Sergey Kovalev-Gennady Golovkin, anyone?
That depends on whom you ask.
Although Kovalev’s handlers, promoter Kathy Duva and manager Egis Klimas appear doubtful, they do not completely dismiss the possibility. But Golovkin’s cornerman, Abel Sanchez, who once trained Kovalev, said, “Of course we would” want that fight, “especially if it’s a pay-per-view fight down the road.”
Kovalev (26-0-1, 23 knockouts), already the holder of the WBO 175-pound title, is coming off Saturday’s shutout unanimous decision over former WBA/IBF titlist Bernard Hopkins at Boardwalk Hall, flooring the 49-year-old in the first round of their light heavyweight title unification bout.
Trained by John David Jackson, Kovalev, 31, had gone 13-0-1 with 13 knockouts in his previous 14 fights, and increased his popularity in the East Coast gambling city, where he was fighting for the third consecutive time.
Golovkin (31-0, 28 KOs) was just in action for last month’s second-round stoppage of Marco Antonio Rubio, representing the 12th defense of his WBA middleweight title as well as his 18th consecutive knockout.
Slated to face Martin Murray in his next fight on Feb. 21 in Monte Carlo, Golovkin, 32, had been on the radar for Hopkins at somewhere between 168 and 170-pounds had Hopkins got beyond Kovalev.
Klimas doesn’t see Kovalev-Golovkin happening any time soon.
“You mean a Golovkin against Sergey Kovalev? Come on, man. Golovkin is a 160-pounder and Sergey is a 175-pounder. It’s completely two different weight classes. If we’re going to come to this point, then we’ll go and deal with it,” said Klimas.
“But today, I don’t see Golovkin fighting Kovalev. No way. Not today. Kovalev is not going to go down to 168 and Golovkin might come to 168 but there’s no way that he’s going to come to 175. I don’t see it. Today, I really do not see it.”
Sanchez, on the other hand, would like to see Kovalev-Golovkin.
“One thing that I do is that I respect [Kovalev]’s management team and the people around him are very classy people. I don’t think that they’ve ever mentioned Golovkin’s name and we haven’t either because I don’t think that Sergey would want to fight Golovkin,” said Sanchez.
“If you read some of the comments he made after the fight, he’s talking about three or four more fights and then moving up to cruiserweight. So I don’t I don’t think that his intentions are to fight us but obviously we would entertain the fight.”
Jackson had said Kovalev would do what Jermain Taylor, Roy Jones Jr., Joe Calzaghe and Chad Dawson had in comprising six victories over Hopkins, who turns 50 in January. Jackson said the 6-foot Kovalev shared the height, speed, boxing skills and athleticism of the men who have vanquished Hopkins but with power, to boot.
“It’s not so much that they’re long but it’s their athleticism,” said Jackson. “Sergey has all of that and one other thing: he has natural punching power. The one thing that they did not have was that natural knockout power that can really hurt Bernard.”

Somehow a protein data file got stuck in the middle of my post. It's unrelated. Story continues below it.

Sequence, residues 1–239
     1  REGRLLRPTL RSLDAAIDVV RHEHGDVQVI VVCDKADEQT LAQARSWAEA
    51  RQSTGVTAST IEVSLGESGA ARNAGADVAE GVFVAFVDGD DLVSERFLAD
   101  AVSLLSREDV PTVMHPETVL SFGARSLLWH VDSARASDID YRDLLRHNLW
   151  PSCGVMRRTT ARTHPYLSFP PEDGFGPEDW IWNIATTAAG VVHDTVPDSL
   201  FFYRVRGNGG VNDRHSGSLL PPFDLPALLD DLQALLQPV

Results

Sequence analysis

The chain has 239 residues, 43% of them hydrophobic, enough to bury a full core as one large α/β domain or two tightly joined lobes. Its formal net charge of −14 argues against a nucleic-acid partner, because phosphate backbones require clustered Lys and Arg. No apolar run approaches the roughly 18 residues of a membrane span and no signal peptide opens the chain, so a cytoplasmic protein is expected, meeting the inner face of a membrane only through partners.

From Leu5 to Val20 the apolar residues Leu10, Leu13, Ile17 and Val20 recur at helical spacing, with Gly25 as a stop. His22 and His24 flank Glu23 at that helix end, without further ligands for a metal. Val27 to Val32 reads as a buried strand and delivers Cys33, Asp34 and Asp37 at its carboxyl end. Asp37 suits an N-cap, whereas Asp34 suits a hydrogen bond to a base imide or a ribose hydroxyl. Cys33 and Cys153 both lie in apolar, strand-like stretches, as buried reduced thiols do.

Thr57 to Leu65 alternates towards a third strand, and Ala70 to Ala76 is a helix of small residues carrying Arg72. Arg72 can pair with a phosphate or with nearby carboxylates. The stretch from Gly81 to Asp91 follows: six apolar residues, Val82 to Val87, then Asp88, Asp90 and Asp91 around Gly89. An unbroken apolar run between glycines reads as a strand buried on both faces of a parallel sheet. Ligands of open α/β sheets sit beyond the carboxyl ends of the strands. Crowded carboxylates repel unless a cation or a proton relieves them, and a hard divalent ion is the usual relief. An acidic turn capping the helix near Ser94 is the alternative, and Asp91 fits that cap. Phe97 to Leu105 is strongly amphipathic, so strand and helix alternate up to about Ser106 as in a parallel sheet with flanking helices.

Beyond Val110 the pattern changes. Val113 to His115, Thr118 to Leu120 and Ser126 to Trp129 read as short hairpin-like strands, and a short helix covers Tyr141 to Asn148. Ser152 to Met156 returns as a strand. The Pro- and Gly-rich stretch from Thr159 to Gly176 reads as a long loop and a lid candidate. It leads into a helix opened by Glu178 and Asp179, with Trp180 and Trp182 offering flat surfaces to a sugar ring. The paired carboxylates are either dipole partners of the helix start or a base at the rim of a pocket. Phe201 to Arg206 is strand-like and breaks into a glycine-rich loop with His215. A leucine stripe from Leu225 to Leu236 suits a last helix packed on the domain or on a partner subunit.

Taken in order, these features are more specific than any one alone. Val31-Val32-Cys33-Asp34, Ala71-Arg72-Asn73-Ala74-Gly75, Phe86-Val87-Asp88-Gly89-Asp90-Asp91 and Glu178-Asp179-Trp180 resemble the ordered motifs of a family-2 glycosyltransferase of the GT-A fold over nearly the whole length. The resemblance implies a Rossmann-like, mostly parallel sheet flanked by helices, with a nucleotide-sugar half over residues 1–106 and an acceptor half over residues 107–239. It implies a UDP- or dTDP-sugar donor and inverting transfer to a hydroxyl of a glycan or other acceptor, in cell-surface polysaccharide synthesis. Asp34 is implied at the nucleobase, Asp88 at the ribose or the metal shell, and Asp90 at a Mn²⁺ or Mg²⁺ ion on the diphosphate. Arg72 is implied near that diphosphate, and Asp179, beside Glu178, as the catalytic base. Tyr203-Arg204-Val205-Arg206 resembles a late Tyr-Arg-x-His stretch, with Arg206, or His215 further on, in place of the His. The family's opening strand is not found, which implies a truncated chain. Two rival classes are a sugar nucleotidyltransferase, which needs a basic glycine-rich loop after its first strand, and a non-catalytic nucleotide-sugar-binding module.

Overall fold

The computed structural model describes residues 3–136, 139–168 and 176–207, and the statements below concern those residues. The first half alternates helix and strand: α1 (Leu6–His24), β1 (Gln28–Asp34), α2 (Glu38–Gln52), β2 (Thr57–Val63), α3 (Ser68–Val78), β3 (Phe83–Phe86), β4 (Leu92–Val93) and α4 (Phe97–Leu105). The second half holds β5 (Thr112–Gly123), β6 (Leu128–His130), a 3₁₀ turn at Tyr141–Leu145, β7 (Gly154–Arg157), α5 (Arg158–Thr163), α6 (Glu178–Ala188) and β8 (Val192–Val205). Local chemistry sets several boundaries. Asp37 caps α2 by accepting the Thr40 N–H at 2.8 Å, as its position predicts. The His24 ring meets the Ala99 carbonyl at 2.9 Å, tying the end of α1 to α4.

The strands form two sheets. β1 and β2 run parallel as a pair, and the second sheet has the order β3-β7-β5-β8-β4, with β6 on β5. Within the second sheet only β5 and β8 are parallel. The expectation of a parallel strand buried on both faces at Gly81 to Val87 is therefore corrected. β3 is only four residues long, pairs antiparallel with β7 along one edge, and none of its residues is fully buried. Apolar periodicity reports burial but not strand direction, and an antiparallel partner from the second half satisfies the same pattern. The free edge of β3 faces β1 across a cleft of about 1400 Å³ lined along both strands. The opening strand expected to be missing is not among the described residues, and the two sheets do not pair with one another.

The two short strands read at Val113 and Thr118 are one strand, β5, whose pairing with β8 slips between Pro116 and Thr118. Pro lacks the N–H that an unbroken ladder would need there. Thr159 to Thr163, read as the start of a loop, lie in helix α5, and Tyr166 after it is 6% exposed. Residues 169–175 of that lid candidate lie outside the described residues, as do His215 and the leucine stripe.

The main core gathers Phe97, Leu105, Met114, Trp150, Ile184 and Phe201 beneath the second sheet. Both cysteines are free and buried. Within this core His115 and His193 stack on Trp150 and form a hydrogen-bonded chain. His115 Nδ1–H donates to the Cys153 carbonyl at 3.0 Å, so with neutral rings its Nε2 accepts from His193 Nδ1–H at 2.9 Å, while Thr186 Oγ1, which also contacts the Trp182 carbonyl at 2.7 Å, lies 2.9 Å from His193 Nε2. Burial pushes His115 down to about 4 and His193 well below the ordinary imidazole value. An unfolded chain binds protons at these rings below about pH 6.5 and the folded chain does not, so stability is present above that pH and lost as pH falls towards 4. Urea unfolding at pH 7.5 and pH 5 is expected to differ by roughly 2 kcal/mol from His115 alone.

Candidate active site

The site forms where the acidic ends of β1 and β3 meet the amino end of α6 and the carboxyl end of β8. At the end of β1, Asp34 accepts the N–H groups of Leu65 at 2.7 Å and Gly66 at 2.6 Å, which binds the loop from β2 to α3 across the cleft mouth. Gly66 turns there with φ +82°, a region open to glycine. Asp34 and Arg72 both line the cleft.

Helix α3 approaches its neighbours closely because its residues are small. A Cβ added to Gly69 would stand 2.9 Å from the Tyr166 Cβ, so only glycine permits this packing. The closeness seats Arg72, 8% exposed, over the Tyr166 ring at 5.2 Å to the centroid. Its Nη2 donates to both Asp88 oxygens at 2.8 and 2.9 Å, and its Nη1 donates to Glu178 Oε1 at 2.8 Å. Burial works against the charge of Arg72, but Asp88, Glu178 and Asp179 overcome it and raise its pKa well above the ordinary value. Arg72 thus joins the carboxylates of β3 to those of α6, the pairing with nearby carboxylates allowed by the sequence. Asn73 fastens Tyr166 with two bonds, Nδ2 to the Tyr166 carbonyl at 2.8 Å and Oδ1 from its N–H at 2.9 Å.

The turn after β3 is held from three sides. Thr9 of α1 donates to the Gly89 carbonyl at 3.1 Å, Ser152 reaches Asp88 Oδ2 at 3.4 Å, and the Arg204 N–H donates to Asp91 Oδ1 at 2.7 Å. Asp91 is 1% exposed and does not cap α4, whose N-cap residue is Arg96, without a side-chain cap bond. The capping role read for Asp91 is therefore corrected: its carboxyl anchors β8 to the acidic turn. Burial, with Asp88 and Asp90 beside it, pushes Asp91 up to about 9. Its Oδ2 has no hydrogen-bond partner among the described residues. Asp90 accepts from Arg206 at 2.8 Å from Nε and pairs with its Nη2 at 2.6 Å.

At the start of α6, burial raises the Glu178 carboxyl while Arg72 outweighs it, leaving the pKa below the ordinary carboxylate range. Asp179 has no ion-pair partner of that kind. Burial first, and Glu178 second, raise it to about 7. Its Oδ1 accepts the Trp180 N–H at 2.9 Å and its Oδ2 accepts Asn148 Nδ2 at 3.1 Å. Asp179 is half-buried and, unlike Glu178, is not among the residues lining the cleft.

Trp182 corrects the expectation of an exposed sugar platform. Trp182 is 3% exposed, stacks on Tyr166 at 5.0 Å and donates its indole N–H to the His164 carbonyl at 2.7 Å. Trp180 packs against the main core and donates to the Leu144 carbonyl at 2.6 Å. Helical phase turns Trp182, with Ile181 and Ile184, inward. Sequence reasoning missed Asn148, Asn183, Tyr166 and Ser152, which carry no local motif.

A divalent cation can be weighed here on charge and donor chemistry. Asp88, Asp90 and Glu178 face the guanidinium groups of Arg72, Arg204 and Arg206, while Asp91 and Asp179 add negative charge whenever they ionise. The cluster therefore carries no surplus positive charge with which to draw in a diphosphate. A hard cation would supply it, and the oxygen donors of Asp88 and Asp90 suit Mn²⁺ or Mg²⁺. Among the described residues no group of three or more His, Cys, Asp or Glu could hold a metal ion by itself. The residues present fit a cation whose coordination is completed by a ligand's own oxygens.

Sanchez was ringside for Kovalev-Hopkins, having guided light heavyweights Nadjib Mohammedi and Sullivan Barrera to stoppage wins in the first and fourth rounds, respectively, in separate bouts at Boardwalk Hall. Mohammedi is the mandatory challenger to Kovalev.
“I hope that that’s what John had laid out for him because if it was, he followed instructions to a tee. He didn’t get himself involved in a rough match and he kept his distance,” said Sanchez, under whom Kovalev went 7-0-1 with seven knockouts from a period covering late 2010 through late 2011.
“When Bernard wanted to attack, Sergey took a step back and maintained his attack on his opponent from within a safe distance and he fought a good fight. He did exactly what he needed to do just like Calzaghe did and just like Taylor did. He just did what some of the boxers did who had beaten Bernard in the past.”
If Golovkin-Kovalev does happen, the fight would be huge, said Sanchez.
“We would entertain the thought of that fight, of course we would, especially if it’s a pay-per-view fight down the road. But I’m sure that Sergey’s not going to want to look forward to another difficult fight right off of the bat,” said Sanchez.
“But I’ve had him in the gym together with Gennady and he knows what he can do with Gennady and he has not improved in any aspect of his game as Gennady has and so, obviously, we would entertain that fight. It’s just a matter of the suits getting together and making it happen for the good of everybody.”
Duva echoed Klimas’ sentiment and does not rule out the notion of the former stablemates one day meeting in the ring.
“I don’t think that if you look at the size of Sergey Kovalev that he’s fighting at a catchweight with anybody. If they want to fight him, they’ll have to come up to his weight class. He’s holding three titles in the light heavyweight division. He’s a light heavyweight. Having said that, I’ve been in this business a long time and you can’t ever say never,” said Duva.
“Is there going to be a day when Gennady Golovkin wants to challenge himself and move up to 175 and if Sergey is still there, could it happen? I guess that anything can happen. Two of the world’s two best champions should want to fight each other, so we’ve seen guys move up in weight to test their skills and it’s a time-honored tradition in our sport. Who knows? Sounds like a good idea to me. We’ll see. Maybe someday.”